My sisters went to school in that village.  Frances, my sister who died a few years ago, must have been in the second grade.  Becky, maybe in the 5th.  I hung around doing whatever preschoolers do in that environment when everyone else is busy.  I have flashing memories of standing by the road throwing rocks at cars; trying to get the little girl down the road to show me her ‘wet-thing’.

I remember being lonely; of wishing aloud my mom would give me a little brother to play with.  “I wish I could,” she’d reply, “but you tore me up so much when you were born, I can’t have any more kids.”

That trauma of my birth was a favorite theme of my mom.  She was fond of telling me how the doctors were long arriving when I was ready to be born;  how a nurse and my dad held her legs down so I couldn’t emerge until the proper people were there.  How it damaged her insides and caused her to have to undergo all kinds of surgery later.

I recall I felt pretty badly about that.

During harvest season it seemed to me the entire community turned out to work in the fields.  We’d all gather in the pre-dawn at the store, then ride together to the cotton fields in the back of an open truck.  Mom and the girls were all there, along with the neighbors and some of their kids.  Two of the kids were about my age:  Wayne and Sharon Landrum.

In retrospect I doubt we preschoolers helped much.  My mom had put a strap on a pillowcase and promised a Milk-Nickle every time it was filled.  This was probably more to keep me busy and out of trouble than it was to pay for the ice cream bar.  I can’t imagine that a pillowcase would have held the ten pounds of cotton it would have taken to pay a nickle.

The lure of sweets weren’t sufficient to occupy smaller kids, I suppose.  There came a time when Wayne, Sharon, and I wandered off from the field.  At first it was just to take a walk, but the road was long and we must have made some turns.  Before too long we’d gotten so far from the farm we didn’t know the way back.  We were frightened and kept moving.

In the end we found the lights of a farmhouse sometime after dark.  The family brought us inside and fed us something.  We sat around a stove trying to keep warm until some of the searchers came and picked us up.

In the morning at the store all those field workers who’d had to lose part of a day of wages wanted vivid descriptions of the spankings we got.  They wanted to make sure.

That was my first experience with running away, at least on my own part.  My mom had done some of it, running away from my dad and her second husband.  My dad had done some of it, letting his kids go off, first to Arizona into the shelter of a brutal, drunken step-dad, then into the shack in Causey.

Old Jules

Johnny Cash– In Them Old Cotton Fields Back Home

A Question for the Brave New World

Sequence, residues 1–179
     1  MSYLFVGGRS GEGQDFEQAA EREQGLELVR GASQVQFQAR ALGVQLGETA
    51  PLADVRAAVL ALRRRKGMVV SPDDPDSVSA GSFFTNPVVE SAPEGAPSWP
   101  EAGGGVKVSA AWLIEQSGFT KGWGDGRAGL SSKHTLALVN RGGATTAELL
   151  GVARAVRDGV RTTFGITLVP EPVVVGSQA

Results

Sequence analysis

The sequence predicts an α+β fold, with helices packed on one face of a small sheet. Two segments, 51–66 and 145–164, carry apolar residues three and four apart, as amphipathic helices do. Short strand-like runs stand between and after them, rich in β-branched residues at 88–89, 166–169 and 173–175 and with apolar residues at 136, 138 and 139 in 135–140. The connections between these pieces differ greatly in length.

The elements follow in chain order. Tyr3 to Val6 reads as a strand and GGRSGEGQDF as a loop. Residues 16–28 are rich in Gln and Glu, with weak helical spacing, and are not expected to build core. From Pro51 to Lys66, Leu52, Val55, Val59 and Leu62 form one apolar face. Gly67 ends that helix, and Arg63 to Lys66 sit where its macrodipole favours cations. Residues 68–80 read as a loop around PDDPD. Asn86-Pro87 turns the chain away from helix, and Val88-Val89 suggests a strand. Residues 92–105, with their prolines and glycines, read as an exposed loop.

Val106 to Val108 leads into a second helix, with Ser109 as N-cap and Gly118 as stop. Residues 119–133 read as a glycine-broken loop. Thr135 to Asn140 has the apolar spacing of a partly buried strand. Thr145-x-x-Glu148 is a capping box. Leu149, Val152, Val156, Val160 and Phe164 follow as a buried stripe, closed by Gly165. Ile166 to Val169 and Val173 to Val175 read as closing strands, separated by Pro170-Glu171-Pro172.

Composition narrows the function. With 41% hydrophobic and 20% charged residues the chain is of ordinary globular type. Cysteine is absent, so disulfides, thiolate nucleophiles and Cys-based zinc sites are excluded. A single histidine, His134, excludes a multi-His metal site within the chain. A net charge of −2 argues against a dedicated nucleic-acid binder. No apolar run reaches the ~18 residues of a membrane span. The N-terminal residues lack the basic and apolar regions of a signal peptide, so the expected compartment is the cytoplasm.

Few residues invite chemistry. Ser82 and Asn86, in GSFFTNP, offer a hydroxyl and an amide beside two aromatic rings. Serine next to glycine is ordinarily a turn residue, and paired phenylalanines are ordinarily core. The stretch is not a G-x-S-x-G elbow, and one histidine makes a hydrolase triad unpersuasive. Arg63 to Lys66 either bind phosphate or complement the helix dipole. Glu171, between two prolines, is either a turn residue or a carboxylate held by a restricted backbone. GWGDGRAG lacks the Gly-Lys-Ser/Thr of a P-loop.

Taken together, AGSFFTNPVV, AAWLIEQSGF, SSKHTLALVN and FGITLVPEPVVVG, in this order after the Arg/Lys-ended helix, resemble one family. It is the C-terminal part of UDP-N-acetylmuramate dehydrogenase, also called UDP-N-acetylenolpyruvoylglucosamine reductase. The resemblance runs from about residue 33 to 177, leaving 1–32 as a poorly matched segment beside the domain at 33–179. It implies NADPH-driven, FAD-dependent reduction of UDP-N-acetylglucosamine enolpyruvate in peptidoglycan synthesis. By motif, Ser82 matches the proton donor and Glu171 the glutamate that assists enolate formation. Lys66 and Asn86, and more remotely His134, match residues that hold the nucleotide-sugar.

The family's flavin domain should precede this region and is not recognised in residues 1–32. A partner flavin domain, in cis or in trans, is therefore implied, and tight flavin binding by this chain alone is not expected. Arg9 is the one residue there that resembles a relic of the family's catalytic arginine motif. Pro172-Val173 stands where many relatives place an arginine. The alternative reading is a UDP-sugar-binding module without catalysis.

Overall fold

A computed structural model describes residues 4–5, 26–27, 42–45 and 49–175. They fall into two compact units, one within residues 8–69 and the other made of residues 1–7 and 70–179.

When I went back to my hometown as a young soldier on leave, Christmas, 1961, it was enough of an event to bring my granddad in from his hardscrabble farm.

We sat around the living room, my mom and step-dad, sisters, and granddad, mulling over the war we were certain to have with the Soviet Union soon.

At that point I was as well-educated (by usual standards) as any of the people in the room and all our ancestors by virtue of having completed high school prior to entering the Army.

In talking about the (then current) brink-of-war crisis my granddad muttered something in Latin.  My mother and step-dad cocked an ear.

“Cicero’s probably not the best place to gain any wisdom about America today,”  My step-dad frowned and adjusted his dentures, followed by another Latin quote.

“Neither is Pliny.”  My mom shook her head at both of them.

Young man who knew everything worth knowing, I was.

I didn’t know any Latin, didn’t know who Pliny was, nor Cicero.  I was as ‘well educated’ as anyone in the room and considered my knowledge sufficient to have a wealth of valuable opinion on the issues of the day.  I felt a vague discomfort with them spouting Latin back and forth at one another and naming people I knew nothing about.

I had reason to recall that conversation in 1976, the US Bicentennial year, when the state of America and the state of education was being examined and bandied about.  Thoughtful minds were concerning themselves that Americans were becoming illiterate and ill-educated.

The thinkers of 1976, asked Americans to ask themselves whether they were better educated than their parents and grandparents, despite many more years spent in formal educational institutions.

The general answer in polls was that Americans considered themselves more canny, better informed than their parents, though weaker in most areas of knowledge once considered essential for a person to be ‘educated’.

The moving finger writes and then moves on.

Are you better educated than your parents and grandparents?

Better educated?
Less well-educated?
Know more about everything but less well-educated?
Less well-educated, less well-informed than parents?
Smarter and with more common-sense without Latin, history, philosophy, and other useless studies?

Sam Cooke- Wonderful World